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May 20 – May 22: Tampa Bay (three games)
May 23 – May 26: Baltimore (four games)
May 27- May 29: Atlanta (two games)
Despite all of the team’s high-profile offseason additions, things have gone about as poorly as they could have in Toronto this season. The team is currently sitting more than 10 games below .500, on the outside of the playoff picture.
Toronto’s seemingly potent offense has struggled to produce runs, a problem only exacerbated by the absence of its table-setter, Jose Reyes. He has been sidelined since early April with an ankle injury.
The starting rotation—widely considered to be the most improved and one of the best rotations heading into the season—trails only Houston’s starting rotation as the most inept in 2013.
While the bullpen hasn’t been terrific, they haven’t been terrible either. Considering the increasingly difficult situations and deficits the team’s starters are leaving them with, mediocre results aren’t all that surprising.
But it’s still relatively early in the season, and Toronto can rebound from this slow start. However, the rebound must begin during the team’s upcoming nine-game homestand that begins next week.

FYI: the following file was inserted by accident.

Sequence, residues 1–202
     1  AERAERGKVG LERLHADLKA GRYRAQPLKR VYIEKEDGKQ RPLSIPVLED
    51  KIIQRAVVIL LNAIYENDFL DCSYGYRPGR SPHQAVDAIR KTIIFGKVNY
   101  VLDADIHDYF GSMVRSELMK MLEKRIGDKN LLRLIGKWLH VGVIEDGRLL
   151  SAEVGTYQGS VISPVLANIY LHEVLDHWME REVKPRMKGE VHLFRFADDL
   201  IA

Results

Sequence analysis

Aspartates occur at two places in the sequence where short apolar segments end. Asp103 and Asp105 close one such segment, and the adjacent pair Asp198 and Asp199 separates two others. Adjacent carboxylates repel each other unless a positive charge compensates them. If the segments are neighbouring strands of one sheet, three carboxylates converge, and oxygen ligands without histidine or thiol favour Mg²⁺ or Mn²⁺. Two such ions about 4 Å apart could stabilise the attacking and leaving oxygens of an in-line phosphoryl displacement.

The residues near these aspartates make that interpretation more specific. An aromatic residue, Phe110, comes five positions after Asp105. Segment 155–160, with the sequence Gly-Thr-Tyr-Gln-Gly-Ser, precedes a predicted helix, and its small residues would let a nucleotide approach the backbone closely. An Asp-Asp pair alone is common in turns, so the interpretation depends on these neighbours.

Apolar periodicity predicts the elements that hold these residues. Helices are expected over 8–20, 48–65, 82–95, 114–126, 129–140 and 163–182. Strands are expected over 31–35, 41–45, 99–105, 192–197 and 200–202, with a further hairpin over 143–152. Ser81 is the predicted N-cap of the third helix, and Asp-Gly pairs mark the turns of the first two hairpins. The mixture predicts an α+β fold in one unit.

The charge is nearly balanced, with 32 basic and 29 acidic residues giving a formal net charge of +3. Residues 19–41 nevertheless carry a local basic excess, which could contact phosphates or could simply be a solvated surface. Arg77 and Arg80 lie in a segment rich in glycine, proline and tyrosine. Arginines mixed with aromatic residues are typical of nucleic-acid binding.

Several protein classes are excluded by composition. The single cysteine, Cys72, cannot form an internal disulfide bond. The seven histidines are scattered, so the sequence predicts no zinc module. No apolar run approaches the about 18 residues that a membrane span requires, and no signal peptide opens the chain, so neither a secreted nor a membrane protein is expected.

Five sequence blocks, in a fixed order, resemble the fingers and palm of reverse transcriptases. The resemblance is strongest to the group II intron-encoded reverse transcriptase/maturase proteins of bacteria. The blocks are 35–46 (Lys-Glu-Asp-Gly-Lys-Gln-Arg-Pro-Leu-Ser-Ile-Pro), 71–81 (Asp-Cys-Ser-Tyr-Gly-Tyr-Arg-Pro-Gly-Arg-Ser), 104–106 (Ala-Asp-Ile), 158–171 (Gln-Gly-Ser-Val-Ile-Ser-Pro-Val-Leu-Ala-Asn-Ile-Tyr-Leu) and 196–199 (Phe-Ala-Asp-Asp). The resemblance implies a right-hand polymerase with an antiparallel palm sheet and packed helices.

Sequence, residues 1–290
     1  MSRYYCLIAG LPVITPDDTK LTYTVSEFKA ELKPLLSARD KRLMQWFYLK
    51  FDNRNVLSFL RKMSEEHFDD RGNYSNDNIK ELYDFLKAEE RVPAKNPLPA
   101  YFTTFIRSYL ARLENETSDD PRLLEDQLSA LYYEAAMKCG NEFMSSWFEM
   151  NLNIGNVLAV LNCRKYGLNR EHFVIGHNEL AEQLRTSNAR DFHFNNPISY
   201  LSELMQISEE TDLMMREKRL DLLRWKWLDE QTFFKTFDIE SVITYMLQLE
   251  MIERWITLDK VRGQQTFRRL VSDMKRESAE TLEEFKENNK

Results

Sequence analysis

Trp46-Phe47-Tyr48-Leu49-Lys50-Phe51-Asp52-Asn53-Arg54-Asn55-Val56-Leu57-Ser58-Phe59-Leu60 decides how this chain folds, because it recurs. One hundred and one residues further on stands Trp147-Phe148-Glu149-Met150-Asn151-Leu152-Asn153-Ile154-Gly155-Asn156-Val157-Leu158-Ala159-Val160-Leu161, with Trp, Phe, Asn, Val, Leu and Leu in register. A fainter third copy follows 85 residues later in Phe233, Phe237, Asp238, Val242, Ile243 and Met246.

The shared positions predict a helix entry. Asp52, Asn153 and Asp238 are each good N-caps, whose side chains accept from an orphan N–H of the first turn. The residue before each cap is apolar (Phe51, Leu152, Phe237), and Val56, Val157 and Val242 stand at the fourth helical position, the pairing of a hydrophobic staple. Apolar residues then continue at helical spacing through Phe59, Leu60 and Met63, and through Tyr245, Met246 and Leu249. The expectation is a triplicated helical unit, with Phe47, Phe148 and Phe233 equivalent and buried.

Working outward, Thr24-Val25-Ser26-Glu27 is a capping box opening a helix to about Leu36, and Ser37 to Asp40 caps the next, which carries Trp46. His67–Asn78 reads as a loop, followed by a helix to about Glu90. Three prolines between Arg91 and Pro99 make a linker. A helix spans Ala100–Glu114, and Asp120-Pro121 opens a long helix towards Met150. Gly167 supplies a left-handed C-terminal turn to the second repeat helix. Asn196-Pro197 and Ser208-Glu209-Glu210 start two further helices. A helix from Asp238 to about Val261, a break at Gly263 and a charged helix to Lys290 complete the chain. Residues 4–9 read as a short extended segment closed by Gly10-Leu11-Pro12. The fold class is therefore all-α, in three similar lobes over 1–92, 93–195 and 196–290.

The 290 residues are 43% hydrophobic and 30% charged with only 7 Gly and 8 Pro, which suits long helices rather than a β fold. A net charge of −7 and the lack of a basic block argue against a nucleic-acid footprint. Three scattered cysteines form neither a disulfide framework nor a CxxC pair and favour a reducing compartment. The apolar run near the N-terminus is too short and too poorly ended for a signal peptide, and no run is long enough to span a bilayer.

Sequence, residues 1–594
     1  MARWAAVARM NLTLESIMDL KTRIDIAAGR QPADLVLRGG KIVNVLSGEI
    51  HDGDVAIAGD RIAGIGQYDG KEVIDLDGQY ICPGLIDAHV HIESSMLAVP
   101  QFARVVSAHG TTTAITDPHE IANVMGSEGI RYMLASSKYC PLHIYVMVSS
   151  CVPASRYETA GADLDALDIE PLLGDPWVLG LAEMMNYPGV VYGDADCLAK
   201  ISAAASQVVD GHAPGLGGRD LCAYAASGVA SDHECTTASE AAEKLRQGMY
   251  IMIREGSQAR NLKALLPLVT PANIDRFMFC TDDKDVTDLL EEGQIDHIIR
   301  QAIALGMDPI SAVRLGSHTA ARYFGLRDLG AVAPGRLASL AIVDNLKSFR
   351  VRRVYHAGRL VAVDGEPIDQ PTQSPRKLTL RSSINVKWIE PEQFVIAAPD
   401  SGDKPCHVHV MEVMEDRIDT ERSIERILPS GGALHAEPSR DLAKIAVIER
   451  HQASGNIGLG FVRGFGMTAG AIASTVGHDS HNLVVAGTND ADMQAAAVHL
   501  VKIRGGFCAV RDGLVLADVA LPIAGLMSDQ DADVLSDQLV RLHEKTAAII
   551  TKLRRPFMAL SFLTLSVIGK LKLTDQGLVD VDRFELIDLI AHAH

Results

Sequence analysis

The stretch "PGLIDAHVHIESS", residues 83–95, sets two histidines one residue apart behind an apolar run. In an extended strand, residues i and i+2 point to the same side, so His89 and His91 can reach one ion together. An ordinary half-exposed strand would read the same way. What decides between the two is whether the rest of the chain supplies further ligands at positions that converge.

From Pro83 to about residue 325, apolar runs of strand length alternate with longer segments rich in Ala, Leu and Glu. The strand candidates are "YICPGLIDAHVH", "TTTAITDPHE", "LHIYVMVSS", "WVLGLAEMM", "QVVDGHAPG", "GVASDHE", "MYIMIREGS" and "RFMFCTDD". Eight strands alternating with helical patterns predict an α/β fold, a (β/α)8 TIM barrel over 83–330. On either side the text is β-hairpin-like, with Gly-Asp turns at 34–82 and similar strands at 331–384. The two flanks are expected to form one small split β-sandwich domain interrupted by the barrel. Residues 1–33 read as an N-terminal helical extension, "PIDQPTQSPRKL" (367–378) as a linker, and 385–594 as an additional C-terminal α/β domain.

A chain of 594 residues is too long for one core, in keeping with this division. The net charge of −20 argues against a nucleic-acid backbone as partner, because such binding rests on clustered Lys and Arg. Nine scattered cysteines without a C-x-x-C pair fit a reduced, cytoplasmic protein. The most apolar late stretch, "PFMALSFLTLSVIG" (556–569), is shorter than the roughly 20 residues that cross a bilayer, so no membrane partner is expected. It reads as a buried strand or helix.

All three of Toronto’s opponents have been among the best teams in baseball thus far in 2013. Each packs a powerful lineup and quality pitching staff, both in the rotation and bullpen.
Taking care of business against division foes Boston and Baltimore will help to atone for past shortcomings and allow the Blue Jays to make up ground in both the AL East and wild-card races.
Beating Atlanta, one of the best teams in baseball, doesn’t necessarily improve the team’s playoff chance. However, doing so would provide a massive confidence boost for a team that can sure use one.